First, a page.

Two systems that each can behave like an information medium with a given capacity (say, each is a bit), and when considered jointly still behave like an information medium, of larger capacity (two bits worth of information).
Important feature: to formulate the principle you don’t need to assume any specific dynamical framework; or a specific scale. The principle is scale– and dynamics-independent. Compare this with the case of the no-cloning theorem in quantum information, where you need to assume quantum theory’s laws of motion in order to prove it; or for example the second law of thermodynamics in one of the traditional formulations, where it is necessary to assume a macroscopic scale for it to be applicable.
Commentary to the illustration
A perpetuum mobile sustains periodic dynamics without an external source of energy. This object is forbidden by the laws of conservation of energy, which we can visualise as requiring all paths that the energy can take to be circular. This requirement of energy-recirculation is scale-independent: It needs to be fulfilled by the simplest resonator in the center of this illustration as much as the most intricate macroscopic structures the resonator may couple to. The interoperability of information works with the same logic: like energy, information can be defined in a scale-independent way, and the principle of interoperability of information says it can be copied from one information medium to any other, irrespective of their physical details.
Commentary to the illustration
Two separate entities float above an abstract communication plane, a “sea of light”. Information cannot travel faster than the speed at which this plane transmits signals, the speed of light. The two objects are reading out and encoding information e.g. through objects that intersect with that plane, sensing or causing ripples on its surface. This happens with a rhythm that is partially dictated by the inner workings of the objects and partially influenced by environmental interactions. The entities’ inner workings, with their tilted gearwheels and hidden parts, hint at a degree of imperfection and uncertainty concerning the composition of each object and the computational pathways that read out- and create stimuli.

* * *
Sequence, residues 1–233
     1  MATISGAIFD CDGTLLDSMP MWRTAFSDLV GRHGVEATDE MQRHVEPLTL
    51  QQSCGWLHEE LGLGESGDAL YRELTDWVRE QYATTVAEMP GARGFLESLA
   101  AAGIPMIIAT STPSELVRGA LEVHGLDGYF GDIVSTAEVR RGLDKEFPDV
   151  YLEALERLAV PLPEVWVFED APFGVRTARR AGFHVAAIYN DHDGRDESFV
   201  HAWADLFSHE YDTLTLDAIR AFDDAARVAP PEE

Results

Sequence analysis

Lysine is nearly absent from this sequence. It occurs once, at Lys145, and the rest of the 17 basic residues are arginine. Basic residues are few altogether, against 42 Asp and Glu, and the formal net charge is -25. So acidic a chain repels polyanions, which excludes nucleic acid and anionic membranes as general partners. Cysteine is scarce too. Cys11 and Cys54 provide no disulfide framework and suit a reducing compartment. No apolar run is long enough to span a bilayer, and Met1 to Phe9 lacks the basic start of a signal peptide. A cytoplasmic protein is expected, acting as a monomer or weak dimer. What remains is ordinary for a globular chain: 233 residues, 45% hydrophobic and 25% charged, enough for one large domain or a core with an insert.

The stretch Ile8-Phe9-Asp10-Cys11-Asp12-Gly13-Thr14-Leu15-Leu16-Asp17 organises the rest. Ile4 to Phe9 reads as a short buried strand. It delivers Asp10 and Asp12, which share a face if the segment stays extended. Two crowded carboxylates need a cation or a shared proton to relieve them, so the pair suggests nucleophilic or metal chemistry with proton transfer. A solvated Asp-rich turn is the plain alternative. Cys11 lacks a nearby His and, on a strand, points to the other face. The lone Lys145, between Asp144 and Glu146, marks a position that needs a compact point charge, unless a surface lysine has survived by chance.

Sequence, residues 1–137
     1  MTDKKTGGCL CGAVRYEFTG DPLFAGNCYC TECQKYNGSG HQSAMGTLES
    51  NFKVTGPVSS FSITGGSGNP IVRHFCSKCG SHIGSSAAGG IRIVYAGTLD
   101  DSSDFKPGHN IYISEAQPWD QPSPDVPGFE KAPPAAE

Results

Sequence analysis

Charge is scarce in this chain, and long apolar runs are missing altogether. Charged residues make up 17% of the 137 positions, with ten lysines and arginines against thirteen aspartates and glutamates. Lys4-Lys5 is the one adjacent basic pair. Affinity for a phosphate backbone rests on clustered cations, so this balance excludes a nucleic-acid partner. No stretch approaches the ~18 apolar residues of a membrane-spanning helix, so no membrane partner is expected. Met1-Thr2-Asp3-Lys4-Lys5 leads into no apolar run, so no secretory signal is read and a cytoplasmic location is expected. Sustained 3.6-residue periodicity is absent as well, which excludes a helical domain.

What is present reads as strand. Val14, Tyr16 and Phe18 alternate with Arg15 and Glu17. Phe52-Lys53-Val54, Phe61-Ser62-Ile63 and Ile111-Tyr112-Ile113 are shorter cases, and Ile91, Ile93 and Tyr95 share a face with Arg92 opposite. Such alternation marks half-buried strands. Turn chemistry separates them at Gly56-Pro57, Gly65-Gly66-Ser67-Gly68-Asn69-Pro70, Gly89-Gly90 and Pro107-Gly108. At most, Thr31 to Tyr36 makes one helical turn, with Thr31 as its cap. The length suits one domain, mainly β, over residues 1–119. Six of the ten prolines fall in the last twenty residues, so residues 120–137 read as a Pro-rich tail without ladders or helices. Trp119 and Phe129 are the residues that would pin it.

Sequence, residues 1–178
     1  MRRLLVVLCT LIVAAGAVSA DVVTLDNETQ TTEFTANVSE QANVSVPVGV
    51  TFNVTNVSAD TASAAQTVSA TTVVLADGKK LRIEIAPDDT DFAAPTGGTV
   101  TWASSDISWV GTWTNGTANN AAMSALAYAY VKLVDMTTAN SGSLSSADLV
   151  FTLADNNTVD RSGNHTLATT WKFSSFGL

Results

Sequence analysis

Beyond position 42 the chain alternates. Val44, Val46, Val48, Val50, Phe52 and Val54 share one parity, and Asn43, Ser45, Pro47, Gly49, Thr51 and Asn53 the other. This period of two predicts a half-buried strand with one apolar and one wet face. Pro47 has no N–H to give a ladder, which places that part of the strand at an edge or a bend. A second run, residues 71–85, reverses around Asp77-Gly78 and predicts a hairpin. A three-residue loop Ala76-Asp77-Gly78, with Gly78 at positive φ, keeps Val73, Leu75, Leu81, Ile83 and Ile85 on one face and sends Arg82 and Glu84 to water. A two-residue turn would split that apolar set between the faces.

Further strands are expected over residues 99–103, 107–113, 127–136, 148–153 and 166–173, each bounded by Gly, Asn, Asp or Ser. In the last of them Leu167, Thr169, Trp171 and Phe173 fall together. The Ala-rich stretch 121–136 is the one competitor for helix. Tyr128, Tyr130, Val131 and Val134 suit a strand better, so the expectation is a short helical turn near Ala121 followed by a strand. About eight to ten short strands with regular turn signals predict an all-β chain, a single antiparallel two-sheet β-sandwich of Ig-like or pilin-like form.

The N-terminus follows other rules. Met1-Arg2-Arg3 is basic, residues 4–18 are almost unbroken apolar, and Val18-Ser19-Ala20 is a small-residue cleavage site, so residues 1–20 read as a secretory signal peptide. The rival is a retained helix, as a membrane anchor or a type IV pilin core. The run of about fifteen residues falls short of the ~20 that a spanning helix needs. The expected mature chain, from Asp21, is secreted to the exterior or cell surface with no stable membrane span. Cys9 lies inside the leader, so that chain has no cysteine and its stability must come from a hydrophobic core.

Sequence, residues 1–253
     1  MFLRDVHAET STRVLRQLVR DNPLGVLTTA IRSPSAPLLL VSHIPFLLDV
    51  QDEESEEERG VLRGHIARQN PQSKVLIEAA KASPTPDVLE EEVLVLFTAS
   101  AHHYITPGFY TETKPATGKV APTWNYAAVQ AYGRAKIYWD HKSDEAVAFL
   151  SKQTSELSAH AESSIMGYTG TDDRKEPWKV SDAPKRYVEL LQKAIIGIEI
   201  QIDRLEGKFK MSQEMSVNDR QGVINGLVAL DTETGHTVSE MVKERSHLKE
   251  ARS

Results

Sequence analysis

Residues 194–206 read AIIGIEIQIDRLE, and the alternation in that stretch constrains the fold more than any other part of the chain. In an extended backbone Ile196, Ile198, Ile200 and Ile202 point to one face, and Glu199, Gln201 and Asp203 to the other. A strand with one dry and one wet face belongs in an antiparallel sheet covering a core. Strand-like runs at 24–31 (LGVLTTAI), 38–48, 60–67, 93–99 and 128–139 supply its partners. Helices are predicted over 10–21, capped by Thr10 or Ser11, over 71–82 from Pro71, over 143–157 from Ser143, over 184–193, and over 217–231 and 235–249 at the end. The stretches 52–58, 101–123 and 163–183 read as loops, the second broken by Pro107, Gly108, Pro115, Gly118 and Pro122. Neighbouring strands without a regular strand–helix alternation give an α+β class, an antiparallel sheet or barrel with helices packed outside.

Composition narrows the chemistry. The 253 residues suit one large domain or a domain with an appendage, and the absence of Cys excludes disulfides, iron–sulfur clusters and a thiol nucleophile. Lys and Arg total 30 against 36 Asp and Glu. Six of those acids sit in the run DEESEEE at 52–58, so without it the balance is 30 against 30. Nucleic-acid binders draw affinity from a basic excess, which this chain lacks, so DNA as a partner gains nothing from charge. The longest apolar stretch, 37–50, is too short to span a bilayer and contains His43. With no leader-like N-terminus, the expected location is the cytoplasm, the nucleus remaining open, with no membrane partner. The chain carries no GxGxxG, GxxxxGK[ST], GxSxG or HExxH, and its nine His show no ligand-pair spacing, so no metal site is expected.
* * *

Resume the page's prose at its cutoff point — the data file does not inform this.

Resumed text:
Given a partition into subsystems A and B, a transformation that acts on A only cannot change B.
Important note: The principle of locality is a pillar of both of our fundamental theories of physics: general relativity and quantum theory. Note the misleading, unfortunate terminology related to “Bell-type non-locality”, which is used to indicate particular kinds of correlations that arise in entangled systems. Despite prevalent misconceptions, these quantum correlations perfectly satisfy the principle of locality!
A remarkable application of these two principles is a recently proposed witness of non-classicality to check if a hybrid system (which may or may not obey quantum theory) has itself some quantum features1. It is based on the fact that if the principles of locality and interoperability hold, then one can conclude the following: if a system M can entangle two quantum systems Q and Q’, then M must be itself non-classical. This means it must have one of the basic features of quantum systems. Namely, the Heisenberg uncertainty principle must be satisfied by two of its variables, which must behave just like position and energy for an electron. If you can determine one with certainty, you cannot determine the other, and vice-versa. This is an exciting application of constructor theory, which underlies a recently proposed experiment to test quantum effects in gravity. This test also indirectly tests constructor theory’s interoperability principle, because it is based on it. For example, if you could create entanglement despite having a classical object as a mediator, it would mean that either the interoperability law or locality are falsified.